Blackfoot River makes ten craft beers, but because of space limitations can only have four on tap at one time in current location, but will have eight on tap when the Temple of Malt opens. “With new place,” assures Simshaw, “there will be so much more opportunity for us to brew something new.”
Missouri River Steamboat Lager has always been the brewery’s flagship beer and will continue to be after expansion. Blackfoot has been running at capacity for four years, turning out about 2000 barrels per year, but with the expansion, capacity will go up to about 3,500 barrels.
No bottles or cans, though, one difference between the Blackfoot and some breweries in Montana. But that isn’t the main difference. That’s the beer itself.
Acknowledging a lot of similarities, “starting with the same passion we have for brewing beer” and a zeal for ‘taking care of our employees,” Simshaw notes. That philosophy is embodied in the company’s motto, clearly stated on every glass and growler–“Real Good Beer Made by Real Good People.” You really can’t go wrong when patronizing a business with that attitude.
Similarities aside, there are some big differences between Blackfoot River Brewing and other Montana breweries.
“We’re the first and only certified organic brewery in the state,” Smith says, proudly, but not for all ten beers, only two–North Fork Organic Porter and Blackfoot River Gold Organic Pale Ale, OPA for short. And this isn’t just idle marketing talk. The Montana Department of Agriculture has certified Blackfoot River Brewing as “organic” and does annual inspections to make sure the products and process stay that way.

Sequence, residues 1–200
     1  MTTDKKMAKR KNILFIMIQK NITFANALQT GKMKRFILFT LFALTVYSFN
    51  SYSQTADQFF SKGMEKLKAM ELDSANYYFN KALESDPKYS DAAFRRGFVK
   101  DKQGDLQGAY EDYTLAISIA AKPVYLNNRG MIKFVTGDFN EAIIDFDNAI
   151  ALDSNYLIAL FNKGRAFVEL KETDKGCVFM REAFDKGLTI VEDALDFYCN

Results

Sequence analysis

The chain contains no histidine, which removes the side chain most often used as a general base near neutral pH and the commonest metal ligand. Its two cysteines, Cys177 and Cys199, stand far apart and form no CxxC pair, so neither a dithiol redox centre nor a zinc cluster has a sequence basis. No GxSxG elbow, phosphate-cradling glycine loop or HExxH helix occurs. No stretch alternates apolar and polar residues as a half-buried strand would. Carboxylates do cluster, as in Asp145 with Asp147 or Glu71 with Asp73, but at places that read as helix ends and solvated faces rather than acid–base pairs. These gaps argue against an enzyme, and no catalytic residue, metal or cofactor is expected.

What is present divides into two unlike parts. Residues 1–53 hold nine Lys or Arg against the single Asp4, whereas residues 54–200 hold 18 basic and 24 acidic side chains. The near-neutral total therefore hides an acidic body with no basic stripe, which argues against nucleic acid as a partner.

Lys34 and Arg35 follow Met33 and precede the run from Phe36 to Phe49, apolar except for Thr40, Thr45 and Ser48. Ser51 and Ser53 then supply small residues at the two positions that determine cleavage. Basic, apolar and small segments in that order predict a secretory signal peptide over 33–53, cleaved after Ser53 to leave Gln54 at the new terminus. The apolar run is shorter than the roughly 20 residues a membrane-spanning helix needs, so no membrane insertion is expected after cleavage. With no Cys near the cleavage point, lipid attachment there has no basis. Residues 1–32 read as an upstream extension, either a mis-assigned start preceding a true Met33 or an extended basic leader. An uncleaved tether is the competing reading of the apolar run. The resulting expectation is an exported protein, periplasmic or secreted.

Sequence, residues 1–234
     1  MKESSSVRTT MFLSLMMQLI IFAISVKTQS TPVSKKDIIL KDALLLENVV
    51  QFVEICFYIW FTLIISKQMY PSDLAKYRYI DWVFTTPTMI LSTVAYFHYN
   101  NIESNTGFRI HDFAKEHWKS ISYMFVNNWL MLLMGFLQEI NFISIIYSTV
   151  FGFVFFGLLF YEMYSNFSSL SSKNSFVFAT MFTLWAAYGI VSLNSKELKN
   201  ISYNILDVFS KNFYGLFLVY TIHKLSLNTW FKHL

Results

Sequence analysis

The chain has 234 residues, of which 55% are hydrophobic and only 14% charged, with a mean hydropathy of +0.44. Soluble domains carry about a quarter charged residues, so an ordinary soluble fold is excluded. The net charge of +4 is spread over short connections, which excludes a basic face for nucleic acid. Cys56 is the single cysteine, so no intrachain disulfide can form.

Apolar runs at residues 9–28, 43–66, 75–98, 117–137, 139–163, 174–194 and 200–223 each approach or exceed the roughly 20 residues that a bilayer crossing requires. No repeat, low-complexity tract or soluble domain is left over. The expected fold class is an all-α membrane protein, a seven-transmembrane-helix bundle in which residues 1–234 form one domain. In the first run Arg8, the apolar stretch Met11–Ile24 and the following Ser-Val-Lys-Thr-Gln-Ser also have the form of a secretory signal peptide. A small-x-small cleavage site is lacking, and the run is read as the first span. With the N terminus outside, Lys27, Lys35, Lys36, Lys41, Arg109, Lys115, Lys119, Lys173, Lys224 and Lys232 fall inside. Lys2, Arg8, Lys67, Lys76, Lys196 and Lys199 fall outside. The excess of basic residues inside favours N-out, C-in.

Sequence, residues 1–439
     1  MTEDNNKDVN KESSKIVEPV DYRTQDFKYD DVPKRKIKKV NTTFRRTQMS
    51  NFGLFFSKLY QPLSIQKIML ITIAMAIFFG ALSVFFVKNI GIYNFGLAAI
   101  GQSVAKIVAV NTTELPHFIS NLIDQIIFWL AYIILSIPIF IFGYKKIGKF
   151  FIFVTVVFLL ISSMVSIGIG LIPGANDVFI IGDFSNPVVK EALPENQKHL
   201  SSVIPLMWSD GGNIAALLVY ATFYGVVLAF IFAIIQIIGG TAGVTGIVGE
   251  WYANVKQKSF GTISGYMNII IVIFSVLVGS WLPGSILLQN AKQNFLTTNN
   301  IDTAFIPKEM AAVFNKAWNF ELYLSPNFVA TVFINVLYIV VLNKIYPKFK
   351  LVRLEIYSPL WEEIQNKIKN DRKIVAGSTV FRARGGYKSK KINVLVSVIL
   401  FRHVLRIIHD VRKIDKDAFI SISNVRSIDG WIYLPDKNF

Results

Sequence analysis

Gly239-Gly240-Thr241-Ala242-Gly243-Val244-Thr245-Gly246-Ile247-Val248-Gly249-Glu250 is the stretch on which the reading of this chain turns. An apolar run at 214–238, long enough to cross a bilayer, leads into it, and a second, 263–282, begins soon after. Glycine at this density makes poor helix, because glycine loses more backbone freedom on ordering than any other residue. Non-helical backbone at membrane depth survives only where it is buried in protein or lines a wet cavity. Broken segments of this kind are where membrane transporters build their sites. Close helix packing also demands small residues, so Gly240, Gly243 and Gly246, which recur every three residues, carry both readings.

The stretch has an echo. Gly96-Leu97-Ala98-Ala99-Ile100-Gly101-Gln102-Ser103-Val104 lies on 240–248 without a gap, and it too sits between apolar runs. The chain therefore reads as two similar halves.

Smith would like to go “all organic,” but they can’t find enough organic hops and malt.
Another difference is, “We don’t filter our beer,” Smith explains. “We’re the largest brewer in the state that doesn’t filter, which makes stronger and more full-bodied beer. Filtration reduces both the hop and malt flavors in beer.”
One more difference between the Blackfoot and many–but not all–Montana breweries is “we’re not shy about our politics,” Smith says. “Most businesses play close to their vests, but we’re pretty open about our progressive politics.”
The brewery supports many local nonprofits and causes, even taking sides on controversial issues like a contentious local debate three years ago on building a road through Helena’s walking mall. The Blackfoot boasts a Conservation Donation Program where $1.00 of each barrel of beer sold goes “to an organization that we feel is doing an exceptional job of protecting Montana’s natural character.” On primary night this June, the Blackfoot worked a deal with Miller’s Crossing, a pub next door, to serve a special brew called OPA, which on that night stood for Obama Pale Ale. It was quite a hit with democrats gathering at Miller’s that night for their celebration.
So when in Helena, be reverent and visit the Temple of Malt for some Nectar of the Gods.
Footnote: To read the rest of the Microbrew Montana series, click here.